Imagine waking up at 2am then, thankfully no symptoms. There just happens to be some tests in the house waiting to be used. There isn't in my house, so I'd be a bit shafted. Anyway, doing one of these tests half asleep would be a challenge all on its own, then it's a 30 minute wait for the result.

By this time it's after 0230, and you've then got to get ready for work, if you're anything like me it's not worth leaving the house without a good breakfast and coffee. Without it, going to work and putting lots of physical demands on the body without proper nutrition is asking for trouble.

No-one in their right mind would want to take one test at silly o'clock in the morning, let alone a test every morning for 10 days! I would imagine the majority of people don't want to suffer such nonsense, so I would defend anyone's choice to not be forced into daily testing.

I did 14 days of self-isolation in November 2020, due to a housemate getting ill. He was allowed back to work (in a hospital no less) after just 10 days, which I still disagree with. I've heard it went down to 7 days more recently if you get 'pinged'. Which is much more reasonable, months ago I had a colleague who was told they only needed to be off work for 5 days. Now it's 10 days?! 14 days was brutal, and two of my friends did it for 7 days after being 'pinged' which they found challenging.

Given the choice between being tested for 10 days, or isolating for 10 days, most people I know would choose isolation. Those of us who've already done the isolating thing, we know what it's like, and I would struggle isolating in good weather given how much I love being outside getting proper exercise.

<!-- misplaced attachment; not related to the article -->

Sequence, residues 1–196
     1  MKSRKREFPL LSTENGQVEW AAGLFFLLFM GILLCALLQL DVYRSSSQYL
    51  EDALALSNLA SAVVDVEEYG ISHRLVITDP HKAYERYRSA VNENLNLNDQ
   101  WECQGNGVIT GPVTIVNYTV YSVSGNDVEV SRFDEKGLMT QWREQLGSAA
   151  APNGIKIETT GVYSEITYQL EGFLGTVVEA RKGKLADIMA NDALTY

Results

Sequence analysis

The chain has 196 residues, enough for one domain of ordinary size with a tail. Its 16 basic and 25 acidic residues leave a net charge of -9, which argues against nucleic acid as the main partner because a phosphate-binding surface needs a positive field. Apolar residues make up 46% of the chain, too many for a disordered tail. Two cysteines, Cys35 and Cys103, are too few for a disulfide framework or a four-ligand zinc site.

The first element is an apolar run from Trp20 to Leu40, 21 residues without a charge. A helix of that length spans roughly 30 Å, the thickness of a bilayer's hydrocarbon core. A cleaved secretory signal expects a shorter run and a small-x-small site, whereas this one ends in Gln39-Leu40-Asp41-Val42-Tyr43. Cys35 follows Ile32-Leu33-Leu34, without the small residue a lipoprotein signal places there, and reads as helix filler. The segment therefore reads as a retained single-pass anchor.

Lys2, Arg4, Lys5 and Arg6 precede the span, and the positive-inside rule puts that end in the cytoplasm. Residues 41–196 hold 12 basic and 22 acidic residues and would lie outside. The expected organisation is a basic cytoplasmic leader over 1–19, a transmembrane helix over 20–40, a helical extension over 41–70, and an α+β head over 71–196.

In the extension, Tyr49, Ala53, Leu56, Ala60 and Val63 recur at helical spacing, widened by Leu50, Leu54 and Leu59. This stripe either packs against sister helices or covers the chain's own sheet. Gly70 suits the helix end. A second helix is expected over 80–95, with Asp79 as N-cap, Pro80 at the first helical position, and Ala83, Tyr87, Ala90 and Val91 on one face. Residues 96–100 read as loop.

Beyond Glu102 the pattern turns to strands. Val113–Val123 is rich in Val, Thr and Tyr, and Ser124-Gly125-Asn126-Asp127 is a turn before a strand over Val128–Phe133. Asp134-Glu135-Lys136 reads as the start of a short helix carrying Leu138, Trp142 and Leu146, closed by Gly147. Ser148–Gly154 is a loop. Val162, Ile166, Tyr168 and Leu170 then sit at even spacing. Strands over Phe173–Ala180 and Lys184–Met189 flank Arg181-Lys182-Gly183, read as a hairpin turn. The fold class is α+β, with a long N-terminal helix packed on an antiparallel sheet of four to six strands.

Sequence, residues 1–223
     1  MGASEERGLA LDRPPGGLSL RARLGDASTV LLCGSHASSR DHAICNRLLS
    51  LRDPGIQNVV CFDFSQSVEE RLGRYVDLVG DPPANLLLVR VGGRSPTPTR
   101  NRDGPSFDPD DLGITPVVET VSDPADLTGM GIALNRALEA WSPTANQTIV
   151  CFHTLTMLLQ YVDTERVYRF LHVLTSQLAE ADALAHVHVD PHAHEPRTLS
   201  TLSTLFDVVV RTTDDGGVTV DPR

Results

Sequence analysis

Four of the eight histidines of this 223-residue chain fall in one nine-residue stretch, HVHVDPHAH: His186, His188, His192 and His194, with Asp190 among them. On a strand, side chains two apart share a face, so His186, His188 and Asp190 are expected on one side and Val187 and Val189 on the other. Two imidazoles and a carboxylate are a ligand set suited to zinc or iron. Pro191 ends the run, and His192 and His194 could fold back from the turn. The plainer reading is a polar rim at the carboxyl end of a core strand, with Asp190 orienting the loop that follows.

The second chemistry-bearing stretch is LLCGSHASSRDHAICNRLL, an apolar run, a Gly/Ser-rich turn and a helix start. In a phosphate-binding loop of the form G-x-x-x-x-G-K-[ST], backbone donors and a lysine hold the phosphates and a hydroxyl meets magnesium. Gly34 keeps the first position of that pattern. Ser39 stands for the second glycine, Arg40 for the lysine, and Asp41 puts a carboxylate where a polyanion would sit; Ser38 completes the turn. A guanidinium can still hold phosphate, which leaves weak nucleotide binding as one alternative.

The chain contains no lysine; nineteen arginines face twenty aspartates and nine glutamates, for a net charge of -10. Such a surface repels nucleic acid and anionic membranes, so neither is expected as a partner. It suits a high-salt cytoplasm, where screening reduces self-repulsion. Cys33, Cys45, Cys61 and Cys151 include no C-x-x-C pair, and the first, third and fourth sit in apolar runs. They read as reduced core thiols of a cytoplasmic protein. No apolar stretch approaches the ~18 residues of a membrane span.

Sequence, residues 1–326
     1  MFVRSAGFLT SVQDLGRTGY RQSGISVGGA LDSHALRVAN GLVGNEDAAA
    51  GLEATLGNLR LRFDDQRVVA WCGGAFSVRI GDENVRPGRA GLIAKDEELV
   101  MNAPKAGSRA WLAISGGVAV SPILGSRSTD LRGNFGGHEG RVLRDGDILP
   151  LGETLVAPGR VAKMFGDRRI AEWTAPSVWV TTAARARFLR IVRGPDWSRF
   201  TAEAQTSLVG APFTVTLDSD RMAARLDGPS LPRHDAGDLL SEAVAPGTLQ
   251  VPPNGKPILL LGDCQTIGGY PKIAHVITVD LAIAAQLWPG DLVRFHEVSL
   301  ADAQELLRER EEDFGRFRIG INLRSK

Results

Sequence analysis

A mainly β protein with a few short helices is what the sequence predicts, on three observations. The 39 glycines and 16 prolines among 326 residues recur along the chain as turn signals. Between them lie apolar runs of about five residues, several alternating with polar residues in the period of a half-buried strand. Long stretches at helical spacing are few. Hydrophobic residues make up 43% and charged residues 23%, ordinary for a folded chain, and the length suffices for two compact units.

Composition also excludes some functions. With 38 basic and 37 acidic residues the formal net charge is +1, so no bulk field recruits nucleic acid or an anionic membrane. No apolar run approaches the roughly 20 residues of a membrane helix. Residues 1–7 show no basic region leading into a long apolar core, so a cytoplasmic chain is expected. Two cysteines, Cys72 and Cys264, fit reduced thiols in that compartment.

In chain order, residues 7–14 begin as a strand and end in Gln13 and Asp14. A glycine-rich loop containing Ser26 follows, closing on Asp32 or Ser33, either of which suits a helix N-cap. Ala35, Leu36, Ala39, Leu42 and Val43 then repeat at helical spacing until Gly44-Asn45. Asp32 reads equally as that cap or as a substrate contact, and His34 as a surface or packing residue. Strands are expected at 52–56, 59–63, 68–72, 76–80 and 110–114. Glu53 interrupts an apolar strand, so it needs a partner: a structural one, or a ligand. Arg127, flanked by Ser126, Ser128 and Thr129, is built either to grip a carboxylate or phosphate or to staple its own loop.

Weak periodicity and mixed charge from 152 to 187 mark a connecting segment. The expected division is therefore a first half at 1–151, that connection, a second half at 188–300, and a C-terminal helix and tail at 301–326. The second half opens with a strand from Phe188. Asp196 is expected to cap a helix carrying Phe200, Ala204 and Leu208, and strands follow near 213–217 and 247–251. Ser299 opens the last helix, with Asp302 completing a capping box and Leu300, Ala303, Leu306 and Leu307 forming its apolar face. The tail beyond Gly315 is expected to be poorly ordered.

It's worth noting the majority of us have got rid of the contact tracing thing too, but that's an entirely different story. I'm about to uninstall the app myself, and the majority of my colleagues don't use it either. Quite, getting them to wear a face covering in busy places is a challenge on its own. Common sense doesn't apply to a lot of people I work with...

So my view is that we should fight for our right to not have daily testing if we have reasons for it. The railway should be no different, the choice has to remain. If the individual doesn't feel comfortable shoving things up their nose or down their throat, then that choice should be respected. Simple as.
 

Bletchleyite

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Interesting.

Two days of course is far better than ten. That should mean the number of staff isolating due to contact tracing should reduce by four fifths.

Imagine waking up at 2am then, thankfully no symptoms. There just happens to be some tests in the house waiting to be used. There isn't in my house, so I'd be a bit shafted. Anyway, doing one of these tests half asleep would be a challenge all on its own, then it's a 30 minute wait for the result.

By this time it's after 0230, and you've then got to get ready for work, if you're anything like me it's not worth leaving the house without a good breakfast and coffee. Without it, going to work and putting lots of physical demands on the body without proper nutrition is asking for trouble.

I'm sorry, with respect, that is nonsense. The test takes 30 minutes to develop, but in that time you can be having breakfast and preparing for work. The actual time dedicated to taking the test is in the order of about 2 minutes.